MSA’s mission statement includes vision, leadership, and support for innovative programs that promote choice, equity, diversity, access, and excellence for all students. There is a great deal of research that details the advantages of attending racially and socioeconomically diverse magnet schools including academics, graduation rates, improved student attendance and discipline rates, greater parent satisfaction and cultural understanding among students. MSA provides information and support services on school integration policies and trends and magnet school best practices.

Magnet schools and programs share the philosophy of executing innovative programs with a dedication to diversity and an unwavering commitment to academic standards – because that is the Magnet School ‘standard.’ Diversity is also one aspect of MSA’s awards and recognition programs, specifically the Merit Awards and the National Certification process Both are designed to not only recognize the hard work of the most successful magnet schools in the nation but to also provide assistance and support as they continue to grow and they are invaluable to marketing and the ability to seek support. Both are based on the Pillars and Standards of Excellence, a commitment to diversity and academic success for all students, the applications are very different and while those who score the merits are readers, experts who score the merits are evaluators. Merit applicants paint a picture of their program with words and certification applicants paint a picture with evidence.

MSA’s long-standing Merit Awards are an annual “snapshot” of the program to recognize exemplary schools and the Certification process is a nine-month reflection looking through a lens of excellence. Both programs look at demographics, theme integration, equitable access, innovation, professional development, achievement, and parent/communication engagement the application process is very different. Merit is a narrative describing and highlighting unique program aspects but very little documentation is required. Certification is a nine-month reflection process that requires corresponding evidence. A panel of educators score both awards with different rubrics but certification includes a rigorous evaluation. The Merit is scored competitively with two different levels and monetary awards for the top five. A certified school offers parents, students, and community partners confidence that each nationally certified magnet school, no matter its location, is held to the same high standard and defines and ensures these standards as consistent, essential elements and characteristics of high-quality magnet programs. Merit is given to a select group of magnet schools that have demonstrated the highest level of excellence in all facets of the merit award application. All schools that apply for merit awards must be current members of Magnet School of America and are required to submit an annual application. Both levels of certification are valid for four years with a different application for recertification. Both are recognized each year at the annual conference.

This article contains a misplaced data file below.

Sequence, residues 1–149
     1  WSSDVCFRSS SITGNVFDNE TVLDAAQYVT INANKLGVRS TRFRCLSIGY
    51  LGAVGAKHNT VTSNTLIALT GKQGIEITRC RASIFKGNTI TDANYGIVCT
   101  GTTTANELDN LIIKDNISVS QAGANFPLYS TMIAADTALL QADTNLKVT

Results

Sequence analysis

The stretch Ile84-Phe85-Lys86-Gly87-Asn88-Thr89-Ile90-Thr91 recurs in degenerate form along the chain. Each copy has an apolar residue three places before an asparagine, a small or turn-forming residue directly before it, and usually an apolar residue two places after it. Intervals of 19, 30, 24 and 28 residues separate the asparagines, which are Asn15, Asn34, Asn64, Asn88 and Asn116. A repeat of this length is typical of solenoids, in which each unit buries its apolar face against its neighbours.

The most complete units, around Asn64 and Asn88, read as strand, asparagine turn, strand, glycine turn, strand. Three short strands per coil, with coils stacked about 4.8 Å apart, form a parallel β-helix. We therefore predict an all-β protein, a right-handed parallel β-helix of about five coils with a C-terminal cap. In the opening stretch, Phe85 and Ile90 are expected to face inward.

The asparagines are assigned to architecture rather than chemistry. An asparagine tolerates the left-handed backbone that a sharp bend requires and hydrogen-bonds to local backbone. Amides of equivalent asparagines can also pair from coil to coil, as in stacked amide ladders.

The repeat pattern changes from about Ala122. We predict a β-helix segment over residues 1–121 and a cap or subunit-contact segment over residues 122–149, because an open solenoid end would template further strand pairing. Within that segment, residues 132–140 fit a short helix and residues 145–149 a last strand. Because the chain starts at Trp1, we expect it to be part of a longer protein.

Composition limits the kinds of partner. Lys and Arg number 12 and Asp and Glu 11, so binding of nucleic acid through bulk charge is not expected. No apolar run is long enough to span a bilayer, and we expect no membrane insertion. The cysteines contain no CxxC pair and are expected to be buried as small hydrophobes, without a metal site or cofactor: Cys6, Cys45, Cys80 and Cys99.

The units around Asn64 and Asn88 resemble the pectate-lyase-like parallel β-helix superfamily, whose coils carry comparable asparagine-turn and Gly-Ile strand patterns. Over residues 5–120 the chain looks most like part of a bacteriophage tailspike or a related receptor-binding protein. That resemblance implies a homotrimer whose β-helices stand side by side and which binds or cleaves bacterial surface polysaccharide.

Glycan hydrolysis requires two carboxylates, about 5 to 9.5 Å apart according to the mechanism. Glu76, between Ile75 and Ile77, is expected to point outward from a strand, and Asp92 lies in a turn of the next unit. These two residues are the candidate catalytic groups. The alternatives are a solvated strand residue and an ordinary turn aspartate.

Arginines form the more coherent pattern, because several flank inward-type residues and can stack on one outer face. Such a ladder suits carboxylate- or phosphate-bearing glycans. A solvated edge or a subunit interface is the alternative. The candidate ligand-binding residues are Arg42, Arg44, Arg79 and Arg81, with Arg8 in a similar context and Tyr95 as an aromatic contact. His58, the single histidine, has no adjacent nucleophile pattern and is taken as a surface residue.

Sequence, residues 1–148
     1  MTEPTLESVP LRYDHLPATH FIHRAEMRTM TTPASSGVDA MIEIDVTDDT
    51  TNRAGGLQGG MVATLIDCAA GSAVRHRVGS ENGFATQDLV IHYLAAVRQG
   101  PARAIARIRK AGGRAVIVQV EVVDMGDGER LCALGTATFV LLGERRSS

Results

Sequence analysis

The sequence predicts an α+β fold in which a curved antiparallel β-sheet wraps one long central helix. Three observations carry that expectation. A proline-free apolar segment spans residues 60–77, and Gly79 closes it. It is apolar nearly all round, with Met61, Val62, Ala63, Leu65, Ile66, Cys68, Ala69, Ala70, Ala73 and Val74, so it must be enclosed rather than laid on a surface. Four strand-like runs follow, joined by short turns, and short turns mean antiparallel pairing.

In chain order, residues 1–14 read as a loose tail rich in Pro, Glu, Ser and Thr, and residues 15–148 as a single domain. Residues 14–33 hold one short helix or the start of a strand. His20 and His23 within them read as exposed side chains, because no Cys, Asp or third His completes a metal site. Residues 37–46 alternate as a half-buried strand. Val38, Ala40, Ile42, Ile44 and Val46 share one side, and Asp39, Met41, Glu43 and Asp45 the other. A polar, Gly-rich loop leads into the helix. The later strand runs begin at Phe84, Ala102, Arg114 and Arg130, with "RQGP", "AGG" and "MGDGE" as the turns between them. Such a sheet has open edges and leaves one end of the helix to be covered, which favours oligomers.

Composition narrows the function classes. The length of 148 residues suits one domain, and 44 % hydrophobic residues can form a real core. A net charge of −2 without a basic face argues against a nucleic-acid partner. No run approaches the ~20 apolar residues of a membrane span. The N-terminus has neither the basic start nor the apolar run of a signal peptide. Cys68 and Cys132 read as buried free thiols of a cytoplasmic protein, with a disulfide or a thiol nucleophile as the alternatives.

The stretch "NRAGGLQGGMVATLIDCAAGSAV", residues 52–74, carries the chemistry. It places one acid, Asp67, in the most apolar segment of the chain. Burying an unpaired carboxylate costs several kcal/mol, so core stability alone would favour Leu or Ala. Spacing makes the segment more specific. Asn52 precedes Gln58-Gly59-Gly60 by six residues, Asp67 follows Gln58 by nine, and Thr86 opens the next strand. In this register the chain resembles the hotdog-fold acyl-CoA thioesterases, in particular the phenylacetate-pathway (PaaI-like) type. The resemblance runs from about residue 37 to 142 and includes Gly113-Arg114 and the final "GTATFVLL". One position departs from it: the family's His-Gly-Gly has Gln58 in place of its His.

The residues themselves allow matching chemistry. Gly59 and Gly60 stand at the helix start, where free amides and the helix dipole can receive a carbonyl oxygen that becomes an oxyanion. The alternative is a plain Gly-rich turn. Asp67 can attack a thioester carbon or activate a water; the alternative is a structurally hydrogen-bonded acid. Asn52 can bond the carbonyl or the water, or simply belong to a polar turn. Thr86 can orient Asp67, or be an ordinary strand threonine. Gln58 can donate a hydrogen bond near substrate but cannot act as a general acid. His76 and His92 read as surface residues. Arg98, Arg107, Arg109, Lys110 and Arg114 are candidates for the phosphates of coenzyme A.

In addition to these two awards, members can submit awards for personnel and students may submit a poster for an annual competition. Each year, MSA chooses a Superintendent, District Administrator, Principal, and Teacher of the Year. Commitment to diversity is at the heart of each of these awards. Each has its own application and each is scored using a rubric to recognizes magnet leadership for climate, innovative curriculum, and resources to outstanding dedicated personnel who exemplify excellence in academic achievement and innovative programs. Website links are below for details.



Ensuring Excellence for ALL-Cultural Competencies
Setting a Foundation for High Functioning Magnet Schools with Fidelity
Leading Successful Magnet School
Advanced Theme-Based Coaching
Sustainability FIRST

MSA hosts three conferences annually: the fall Technical Assistance and Training Conference, the February Policy Training Conference and the spring National Conference. Each of these unique events provides keynote speakers; networking; professional development; access to tools and information; and advocacy at the district, state and national level, plus the opportunity to tour magnet schools and programs.

Introductory Activities, Strategies, Networking

1.    Implicit Bias Assessment: How Deep Is Your Diversity?

  • Reflect on the current status of diversity in your organization. Is there diversity in policy only? Does your organization reflect diversity of perspective? Does your organization demonstrate diversity of power (equity)? All three levels are evident in a high-performing organization. So, how deep is your diversity? To find out, take the Diversity Survey, which can be found in the Superintendent’s Toolkit.

2.    Preparation for Creating a Theory of Action

  • Begin the process of defining the long-term outcome with some group brainstorming. Some questions you may want to pose to the group are:
    • How will you know if your project has been successful?
    • If the local newspaper were to write a headline on the success of this project, what would it say?
    • What are your stakeholders expecting to see?
    • What preconditions must exist for the long-term outcome to be reached?
  • Have group members write down their ideas on sticky notes and post them on the board.
  • Once you have completed the brainstorming process, group the ideas based on similarities.
  • A group discussion should then follow on the ideas presented.
  • Obtain group agreement on the ideas that should be included.
  • When you have captured that information, continue to repeat the process for each of the outcomes you just identified.

3.    Watch video: Real Problems – Segregation (Wyatt Cenac)

Pillar 2: Innovative Curriculum and Professional Development